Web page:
Pode, translated from Portuguese to English, means “You can.” These two little words truly encompass what this game is about. Pode is developed/published by Henchman & Goon and is based on an unusual concept. There’s a little bit of platforming sprinkled on layers of puzzle solving, with tranquil ambiance as the main ingredient.
Pode opens with a brief cutscene to let us know that a fallen star (Glo) has landed on a strange planet and a friendly little rock (Bulder) wants to help his new friend return home. To accomplish this, they must take each other’s hand and traverse the caverns of a towering mountain (Mount Fjellheim) using their special abilities. The names of the characters and the mountain I only learned by going to the official website of Pode. Glo, as the fallen star, breathes life into the dark caves, causing exotic plants to flourish over the course of a few seconds. Bulder, as the little rock, causes crystals to spring forth from the floor and the walls. All of the puzzles focus on combining these abilities to cross over chasms and reach the door or opening the cave wall to the next room. The overall positive vibes from Pode is incredible. Even when I was completely stumped on a puzzle, it was impossible to become angry at this game. I never felt discouraged, and never thought about rage quitting.
The 3D animation is delightfully warm. Bulder and Glo are able to hold hands while walking into the next area, which is just the icing on the cake of this adorable game. The music accentuates the serenity of the caverns, especially since they are void of any monsters. The only cause for concern is missing a jump and falling off into nothingness, in which the character will just float back to the top. The combination of graphics and sound effects help us understand the difference in weight between the two characters. Bulder has heavy footsteps when he walks and even falls fast when he jumps, while Glo makes no sound at all and falls slowly. The graphics are fluid, but I noticed an issue that often complicated the gameplay both in console and handheld mode. At first, the glitch didn’t cause a big problem. The two characters would be walking along and suddenly the video froze, and when it picked up they had jumped ahead in the same direction. This glitch made using Bulder’s and Glo’s abilities extremely frustrating, especially if it happened at the wrong time, which it did on a few occasions.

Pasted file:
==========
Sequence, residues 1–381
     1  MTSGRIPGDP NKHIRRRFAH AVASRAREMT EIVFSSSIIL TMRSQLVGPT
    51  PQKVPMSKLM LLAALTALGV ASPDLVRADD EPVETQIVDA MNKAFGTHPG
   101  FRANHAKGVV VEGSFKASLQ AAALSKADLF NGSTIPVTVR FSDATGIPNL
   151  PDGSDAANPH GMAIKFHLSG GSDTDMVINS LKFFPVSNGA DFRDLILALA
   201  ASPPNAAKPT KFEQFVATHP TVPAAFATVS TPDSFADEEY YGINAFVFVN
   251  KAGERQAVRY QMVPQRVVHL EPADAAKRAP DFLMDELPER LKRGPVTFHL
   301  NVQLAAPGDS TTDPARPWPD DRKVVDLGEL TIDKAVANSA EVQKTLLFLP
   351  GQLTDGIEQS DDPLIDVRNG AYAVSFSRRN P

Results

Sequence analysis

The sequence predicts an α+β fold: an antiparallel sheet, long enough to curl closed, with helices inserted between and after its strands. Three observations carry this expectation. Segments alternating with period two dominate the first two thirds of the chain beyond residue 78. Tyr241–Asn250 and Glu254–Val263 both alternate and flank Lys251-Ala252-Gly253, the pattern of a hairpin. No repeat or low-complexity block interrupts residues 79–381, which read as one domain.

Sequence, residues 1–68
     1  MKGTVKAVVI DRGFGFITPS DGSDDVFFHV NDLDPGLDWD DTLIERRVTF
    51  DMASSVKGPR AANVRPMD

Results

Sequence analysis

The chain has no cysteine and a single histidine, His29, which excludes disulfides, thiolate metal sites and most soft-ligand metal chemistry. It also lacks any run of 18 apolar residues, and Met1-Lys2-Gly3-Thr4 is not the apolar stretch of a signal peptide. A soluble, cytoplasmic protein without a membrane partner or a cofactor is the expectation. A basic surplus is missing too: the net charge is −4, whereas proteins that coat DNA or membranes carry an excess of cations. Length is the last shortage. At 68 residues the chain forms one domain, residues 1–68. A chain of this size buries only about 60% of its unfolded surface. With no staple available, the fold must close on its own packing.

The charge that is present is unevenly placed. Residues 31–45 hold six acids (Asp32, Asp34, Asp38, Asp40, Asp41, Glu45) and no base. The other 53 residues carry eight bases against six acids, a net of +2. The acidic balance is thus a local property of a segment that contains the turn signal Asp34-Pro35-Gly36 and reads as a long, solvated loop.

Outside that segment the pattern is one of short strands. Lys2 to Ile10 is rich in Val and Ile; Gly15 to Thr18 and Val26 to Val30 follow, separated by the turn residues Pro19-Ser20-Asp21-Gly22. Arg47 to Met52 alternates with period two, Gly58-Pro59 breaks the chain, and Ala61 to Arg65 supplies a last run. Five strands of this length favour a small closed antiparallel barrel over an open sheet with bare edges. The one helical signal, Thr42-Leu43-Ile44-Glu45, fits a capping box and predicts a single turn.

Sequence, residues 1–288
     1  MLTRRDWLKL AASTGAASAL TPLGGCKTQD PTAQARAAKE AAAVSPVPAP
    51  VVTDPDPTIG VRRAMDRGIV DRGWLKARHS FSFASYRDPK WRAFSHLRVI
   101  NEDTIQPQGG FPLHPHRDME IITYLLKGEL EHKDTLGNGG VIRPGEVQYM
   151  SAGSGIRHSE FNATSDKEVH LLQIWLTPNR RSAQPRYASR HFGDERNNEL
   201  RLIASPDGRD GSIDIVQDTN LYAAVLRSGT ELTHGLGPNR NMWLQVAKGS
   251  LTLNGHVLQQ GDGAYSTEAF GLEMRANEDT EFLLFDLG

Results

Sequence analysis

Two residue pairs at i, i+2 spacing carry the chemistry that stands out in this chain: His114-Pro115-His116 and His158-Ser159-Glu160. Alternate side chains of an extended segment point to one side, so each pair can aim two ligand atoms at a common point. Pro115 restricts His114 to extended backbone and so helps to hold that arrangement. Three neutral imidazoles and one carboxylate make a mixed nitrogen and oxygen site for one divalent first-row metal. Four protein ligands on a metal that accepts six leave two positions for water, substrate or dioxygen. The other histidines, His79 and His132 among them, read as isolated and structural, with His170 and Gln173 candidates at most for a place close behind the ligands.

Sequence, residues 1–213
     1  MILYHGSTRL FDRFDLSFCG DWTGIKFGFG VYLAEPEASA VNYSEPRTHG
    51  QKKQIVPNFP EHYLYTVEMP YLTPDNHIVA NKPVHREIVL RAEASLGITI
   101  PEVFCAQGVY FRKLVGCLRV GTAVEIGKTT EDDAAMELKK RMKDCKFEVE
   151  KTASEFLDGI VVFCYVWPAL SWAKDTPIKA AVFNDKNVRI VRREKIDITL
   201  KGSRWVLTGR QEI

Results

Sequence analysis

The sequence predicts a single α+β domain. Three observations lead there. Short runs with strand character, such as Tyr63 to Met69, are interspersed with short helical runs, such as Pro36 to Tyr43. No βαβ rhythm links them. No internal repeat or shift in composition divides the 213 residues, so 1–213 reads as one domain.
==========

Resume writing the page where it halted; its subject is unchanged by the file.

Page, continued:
Pode offers a simultaneous co-op mode, which simply makes sense with the theme of the game being friendship. This mode allows us to play with one other person. Instead of player one having to do all the work, player two can move around at the same time, and the players can switch between playing as Glo and Bulder. The controls were easy to master since there are few commands and combinations available. The two characters can jump, use their abilities that create an aura around them, and sometimes blend these together for puzzle solving. Bulder’s one other ability is to carry rocks, or even Glo, in their mouth, and in doing so Glo can teleport Bulder to a designated spot. All that leaves is for us to make sure we communicate well with one another or else be left struggling to solve a puzzle and proceed.
Simply walking around, hand-in-hand, while holding R to use life granting power that grows crystals and plants into artistically intricate and stunning designs in the bare caverns was enjoyable all on its own. Unfortunately, without any story to lure me back, I found picking it up again for any length of time was a chore instead of a pleasure. During a difficult puzzle, I found myself wishing I had an incentive to persevere. Pode reminds me of a simple theme used in charming television shows for children younger than two years of age. For where I see the developer’s ambitions in this game, they reached their destination, but it is not the kind of game everyone will want to play.